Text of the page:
The Eagles have a unique quarterback situation on their hands, and head coach Doug Pederson will have some tough decisions to make when training camp convenes in late July.
Sam Bradford is the starter, and got all of the first team reps during OTAs and minicamp with Chase Daniel playing with the twos, and rookie Carson Wentz playing with the threes.
However, despite the fact that Wentz — the No. 2 overall pick in May's NFL draft and the future of the franchise — played with the third stringers, he got pretty close to the exact same number of reps as his fellow QBs.
"Right now, it's equal; it's thirds," Pederson said last week before minicamp broke for the six-week summer break. "It's equal and right now leaning towards that going into training camp."
There is not much precedent for Pederson to go off of, as far as how to train and practice his quarterbacks this offseason. One instance he used for reference is the situation in Green Bay from about a decade ago.
"I haven't gone back and studied exactly how they handled those situations," Pederson said. "Obviously, you can see it from afar, the Aaron Rodgers-Brett Favre deal, and even as far back as [Joe] Montana and Steve Young in that situation. But I haven't gone as far as studying how they practiced, the number of reps or things of that nature. I haven't looked that far into it."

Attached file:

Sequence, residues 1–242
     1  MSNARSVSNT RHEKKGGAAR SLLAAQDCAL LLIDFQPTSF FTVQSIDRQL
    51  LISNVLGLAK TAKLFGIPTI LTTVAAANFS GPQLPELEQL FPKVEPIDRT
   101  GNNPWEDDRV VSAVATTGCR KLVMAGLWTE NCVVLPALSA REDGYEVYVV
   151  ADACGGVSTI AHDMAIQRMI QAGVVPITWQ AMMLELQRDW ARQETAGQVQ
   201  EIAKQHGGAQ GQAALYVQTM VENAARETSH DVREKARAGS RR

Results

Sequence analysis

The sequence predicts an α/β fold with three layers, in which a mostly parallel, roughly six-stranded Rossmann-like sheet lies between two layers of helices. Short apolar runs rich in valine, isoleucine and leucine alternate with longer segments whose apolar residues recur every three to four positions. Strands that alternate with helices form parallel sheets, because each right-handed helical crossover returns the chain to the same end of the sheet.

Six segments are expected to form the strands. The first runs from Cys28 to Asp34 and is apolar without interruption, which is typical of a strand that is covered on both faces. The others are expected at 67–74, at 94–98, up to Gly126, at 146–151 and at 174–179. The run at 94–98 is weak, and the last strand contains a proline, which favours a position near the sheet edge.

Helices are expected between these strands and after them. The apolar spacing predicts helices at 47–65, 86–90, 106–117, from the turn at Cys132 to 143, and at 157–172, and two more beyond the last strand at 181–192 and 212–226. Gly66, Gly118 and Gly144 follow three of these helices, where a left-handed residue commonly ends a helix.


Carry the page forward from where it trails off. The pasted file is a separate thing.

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Pederson will just go with his gut during his first training camp as an NFL head coach, and hopefully properly balance Bradford's need to prepare for the season with Wentz' to prepare for the future.
"It will ultimately be myself and [offensive coordinator Frank Reich] having those conversations and saying, ‘Hey, you've got to get Sam and Chase enough reps as you go,'" Pederson said.
So how does all of this fly with Wentz himself? He knows he can't play with the first team, even though he wants to.
"As a competitor you want those reps but you have to find a way to learn," he said last week. "Whether it's in the film room, watching from the back or getting live reps, either way I'll be learning.
"I need to continue to watch film and learn the nuances of it … you can never spend enough time studying the playbook, studying the film."
The simple fact is, Wentz will be a sponge this offseason, and whether he is on the field throwing the football or watching from the sidelines — or watching film — the rookie will be growing as an NFL player.
"[I think] where he needs to improve, is a little bit in his fundamentals: his lower body and footwork," Pederson said. "He gets a little long in his stride. And then just understanding why certain plays are called, which he probably understood in his offense in college at North Dakota State and now he needs to figure out and learn why [Frank Reich] or I are calling certain plays in practice and put all those pieces together. And that's part of the maturity and the growth for young quarterbacks in any offense."